Insurance Exchange Building

Major demands in the housing market have caused revitalization and adaptive reuse of historical landmarks-often vacant and underutilized buildings. The Insurance Exchange building conversion to a mixed-use building is a great example of that trend, with a restaurant in the basement, retail stores on the ground floor, residential lofts on upper floors, and a new penthouse on top.

Insurance Exchange Building - Front

Insurance Exchange Building – Front

The building was designed in 1924 by architect Harvey Lochridge in the Renaissance revival style, and has terra cotta cladding with an outstanding polychrome terra cotta ornamentation. Our developer and architect planned for preservation and restoration of the historical facades of this building, which is an integral part of the Long Beach downtown landscape. The critical fire and building code safety requirements were incorporated in the interior renovation of the structure. The exterior fire escape was relocated, windows replaced or renovated, terrazzo and marble steps were cleaned, and the interior exit stairs were enclosed.

Ebel Auditorium to Loft Conversion

The Ebel Club Auditorium building conversion is an interesting example of innovative thinking in creating new residential possibilities. The developer and architect converted the historical landmark auditorium through spatial transformation of its volume and insertion of eleven residential lofts within the existing exterior.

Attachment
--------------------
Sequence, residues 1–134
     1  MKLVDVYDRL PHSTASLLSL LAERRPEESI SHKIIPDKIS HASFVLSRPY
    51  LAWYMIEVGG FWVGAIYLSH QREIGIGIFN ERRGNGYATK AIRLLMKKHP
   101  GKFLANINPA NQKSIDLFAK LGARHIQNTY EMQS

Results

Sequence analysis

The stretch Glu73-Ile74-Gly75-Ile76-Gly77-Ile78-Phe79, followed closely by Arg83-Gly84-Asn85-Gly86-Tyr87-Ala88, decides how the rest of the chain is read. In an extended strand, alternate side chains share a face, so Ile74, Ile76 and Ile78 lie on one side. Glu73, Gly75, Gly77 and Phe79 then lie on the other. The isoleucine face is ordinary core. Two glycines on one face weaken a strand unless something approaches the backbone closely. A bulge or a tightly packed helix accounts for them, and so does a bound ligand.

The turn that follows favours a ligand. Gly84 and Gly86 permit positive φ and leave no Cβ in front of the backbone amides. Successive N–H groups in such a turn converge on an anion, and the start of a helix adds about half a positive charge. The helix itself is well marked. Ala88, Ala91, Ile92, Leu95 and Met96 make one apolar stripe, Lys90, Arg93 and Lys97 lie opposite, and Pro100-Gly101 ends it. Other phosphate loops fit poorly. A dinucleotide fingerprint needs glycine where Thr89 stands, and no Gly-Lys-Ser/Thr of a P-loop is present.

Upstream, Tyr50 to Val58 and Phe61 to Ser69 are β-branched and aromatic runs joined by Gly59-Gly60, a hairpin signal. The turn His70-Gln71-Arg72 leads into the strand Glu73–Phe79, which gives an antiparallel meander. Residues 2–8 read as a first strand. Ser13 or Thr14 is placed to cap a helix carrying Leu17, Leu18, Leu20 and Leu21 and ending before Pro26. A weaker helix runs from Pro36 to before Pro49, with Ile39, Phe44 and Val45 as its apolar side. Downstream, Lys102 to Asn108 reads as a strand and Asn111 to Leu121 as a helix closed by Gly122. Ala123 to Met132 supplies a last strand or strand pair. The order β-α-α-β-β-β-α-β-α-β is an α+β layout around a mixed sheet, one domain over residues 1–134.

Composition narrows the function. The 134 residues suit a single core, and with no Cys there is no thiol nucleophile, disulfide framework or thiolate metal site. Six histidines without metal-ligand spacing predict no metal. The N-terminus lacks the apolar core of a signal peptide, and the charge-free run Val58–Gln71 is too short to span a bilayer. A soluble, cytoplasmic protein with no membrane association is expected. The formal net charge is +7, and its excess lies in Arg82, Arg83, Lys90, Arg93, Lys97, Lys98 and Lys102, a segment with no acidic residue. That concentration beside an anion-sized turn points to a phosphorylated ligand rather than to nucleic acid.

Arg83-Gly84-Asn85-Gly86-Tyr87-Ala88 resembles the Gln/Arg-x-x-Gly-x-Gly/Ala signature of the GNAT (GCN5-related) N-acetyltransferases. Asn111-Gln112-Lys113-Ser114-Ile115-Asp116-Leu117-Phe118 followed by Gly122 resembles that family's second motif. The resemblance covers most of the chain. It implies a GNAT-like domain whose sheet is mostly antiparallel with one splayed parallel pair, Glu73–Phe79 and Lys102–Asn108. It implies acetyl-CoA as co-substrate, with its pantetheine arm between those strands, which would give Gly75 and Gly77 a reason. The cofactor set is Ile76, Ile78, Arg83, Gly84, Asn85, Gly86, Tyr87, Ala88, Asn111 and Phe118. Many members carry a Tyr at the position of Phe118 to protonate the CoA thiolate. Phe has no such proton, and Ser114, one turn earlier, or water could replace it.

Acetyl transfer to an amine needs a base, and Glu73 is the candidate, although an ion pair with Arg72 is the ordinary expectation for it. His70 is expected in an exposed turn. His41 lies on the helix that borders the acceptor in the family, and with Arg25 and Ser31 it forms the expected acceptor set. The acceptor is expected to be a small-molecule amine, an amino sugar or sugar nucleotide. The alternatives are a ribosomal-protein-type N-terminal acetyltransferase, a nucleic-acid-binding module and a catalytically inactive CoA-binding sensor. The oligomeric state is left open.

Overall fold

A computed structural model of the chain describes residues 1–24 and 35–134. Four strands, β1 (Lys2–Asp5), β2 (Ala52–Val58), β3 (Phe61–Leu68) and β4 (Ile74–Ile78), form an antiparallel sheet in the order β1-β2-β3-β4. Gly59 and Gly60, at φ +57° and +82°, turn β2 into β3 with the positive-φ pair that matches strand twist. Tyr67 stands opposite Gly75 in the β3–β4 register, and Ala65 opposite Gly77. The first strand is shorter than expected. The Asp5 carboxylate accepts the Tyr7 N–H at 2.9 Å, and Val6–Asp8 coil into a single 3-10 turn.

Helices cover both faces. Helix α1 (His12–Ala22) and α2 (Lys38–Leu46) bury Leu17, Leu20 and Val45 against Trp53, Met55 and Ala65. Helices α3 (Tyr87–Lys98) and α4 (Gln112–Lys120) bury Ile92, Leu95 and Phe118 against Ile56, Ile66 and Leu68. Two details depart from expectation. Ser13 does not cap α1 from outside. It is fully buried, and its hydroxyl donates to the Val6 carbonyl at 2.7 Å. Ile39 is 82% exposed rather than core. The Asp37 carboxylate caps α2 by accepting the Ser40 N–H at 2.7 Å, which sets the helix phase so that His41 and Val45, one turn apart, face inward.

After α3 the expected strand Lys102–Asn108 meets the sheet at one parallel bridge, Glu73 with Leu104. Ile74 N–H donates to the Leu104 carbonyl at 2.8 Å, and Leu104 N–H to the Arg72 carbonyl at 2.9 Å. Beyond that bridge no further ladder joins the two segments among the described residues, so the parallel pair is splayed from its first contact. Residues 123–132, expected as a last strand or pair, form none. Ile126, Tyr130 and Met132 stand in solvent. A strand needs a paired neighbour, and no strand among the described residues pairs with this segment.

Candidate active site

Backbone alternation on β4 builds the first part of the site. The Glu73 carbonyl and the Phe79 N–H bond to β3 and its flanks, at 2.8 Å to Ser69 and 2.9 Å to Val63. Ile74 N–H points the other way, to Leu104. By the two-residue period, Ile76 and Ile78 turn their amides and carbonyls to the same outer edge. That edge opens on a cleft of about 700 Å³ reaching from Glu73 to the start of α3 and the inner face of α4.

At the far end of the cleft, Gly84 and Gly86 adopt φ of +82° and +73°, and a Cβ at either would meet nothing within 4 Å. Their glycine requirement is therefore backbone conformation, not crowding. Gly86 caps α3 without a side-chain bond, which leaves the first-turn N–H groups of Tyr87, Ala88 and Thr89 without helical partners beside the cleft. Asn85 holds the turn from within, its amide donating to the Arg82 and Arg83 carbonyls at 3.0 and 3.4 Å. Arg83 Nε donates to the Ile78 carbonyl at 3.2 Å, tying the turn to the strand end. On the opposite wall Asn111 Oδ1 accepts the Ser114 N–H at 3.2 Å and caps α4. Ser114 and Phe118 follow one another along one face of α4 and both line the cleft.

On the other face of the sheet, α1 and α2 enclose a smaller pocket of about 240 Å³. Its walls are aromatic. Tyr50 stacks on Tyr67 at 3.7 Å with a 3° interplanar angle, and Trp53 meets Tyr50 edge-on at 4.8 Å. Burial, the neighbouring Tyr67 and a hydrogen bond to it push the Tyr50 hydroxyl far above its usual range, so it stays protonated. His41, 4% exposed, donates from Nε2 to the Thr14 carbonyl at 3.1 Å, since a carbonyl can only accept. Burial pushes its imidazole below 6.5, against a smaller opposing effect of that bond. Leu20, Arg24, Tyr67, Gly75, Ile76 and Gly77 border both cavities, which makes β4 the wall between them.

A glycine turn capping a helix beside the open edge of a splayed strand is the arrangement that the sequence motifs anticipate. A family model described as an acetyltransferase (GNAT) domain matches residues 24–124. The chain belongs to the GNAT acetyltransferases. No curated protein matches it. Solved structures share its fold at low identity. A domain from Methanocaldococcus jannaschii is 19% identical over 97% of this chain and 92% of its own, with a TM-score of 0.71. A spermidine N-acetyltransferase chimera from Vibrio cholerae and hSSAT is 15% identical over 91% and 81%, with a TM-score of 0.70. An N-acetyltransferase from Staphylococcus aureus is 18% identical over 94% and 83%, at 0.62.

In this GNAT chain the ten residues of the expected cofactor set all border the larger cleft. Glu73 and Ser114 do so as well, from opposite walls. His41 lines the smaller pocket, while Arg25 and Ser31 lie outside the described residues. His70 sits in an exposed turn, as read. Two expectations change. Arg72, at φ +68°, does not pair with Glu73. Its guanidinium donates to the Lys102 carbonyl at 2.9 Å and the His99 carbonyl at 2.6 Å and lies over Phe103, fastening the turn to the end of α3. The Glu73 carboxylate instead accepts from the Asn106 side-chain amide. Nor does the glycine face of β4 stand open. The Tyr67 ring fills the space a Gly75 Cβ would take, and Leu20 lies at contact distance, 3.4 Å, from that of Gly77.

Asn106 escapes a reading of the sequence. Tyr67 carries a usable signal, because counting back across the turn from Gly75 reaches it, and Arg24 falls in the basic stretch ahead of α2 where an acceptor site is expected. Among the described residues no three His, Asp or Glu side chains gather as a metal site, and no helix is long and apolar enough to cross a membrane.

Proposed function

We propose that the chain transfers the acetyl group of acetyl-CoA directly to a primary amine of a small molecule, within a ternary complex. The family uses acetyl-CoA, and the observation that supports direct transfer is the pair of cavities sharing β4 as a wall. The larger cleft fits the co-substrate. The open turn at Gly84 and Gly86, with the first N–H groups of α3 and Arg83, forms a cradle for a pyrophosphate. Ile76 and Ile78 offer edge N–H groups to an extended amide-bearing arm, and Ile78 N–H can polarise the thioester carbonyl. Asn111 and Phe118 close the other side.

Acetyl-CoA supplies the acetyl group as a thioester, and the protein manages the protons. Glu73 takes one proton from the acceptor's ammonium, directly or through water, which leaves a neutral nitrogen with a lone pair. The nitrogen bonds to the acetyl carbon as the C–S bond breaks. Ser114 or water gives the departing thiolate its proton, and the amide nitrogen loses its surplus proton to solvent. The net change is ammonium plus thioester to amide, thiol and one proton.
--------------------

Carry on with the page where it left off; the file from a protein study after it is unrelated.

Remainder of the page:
The one and two-level loft sizes vary from 1,200 to 2,290 Sq. Ft. The existing envelope of an old auditorium building allowed for creating unique lofts with high ceilings on the first floor and two story units on the second level. Roof truss elements seem to perforate new wall divisions and appear in unusual places, rcreating a feeling of modern art.

Ebel Auditorium Lofts - Interior

Ebel Auditorium Lofts – Interior

The modern loft living spaces are reinforced by concrete floors and walls, 8′ high doors, and exposed duct and steel construction elements. The top units mezzanine provides access to a small secluded roof deck with a magnificent view of the Long Beach skyline view. One of the most serious problems the Architect had to resolve was the amount of lighting in the residential lofts, which was quite different from that needed in the dark auditorium. The eastern-facing façade is pierced with large windows, doors, and assembly openings, and enriched with far extending private balconies. The front historical façade and entry were preserved in original form. RPP Architects provided historical landmark designation assistance, land entitlements and timely processing of the building permits as well as construction support services.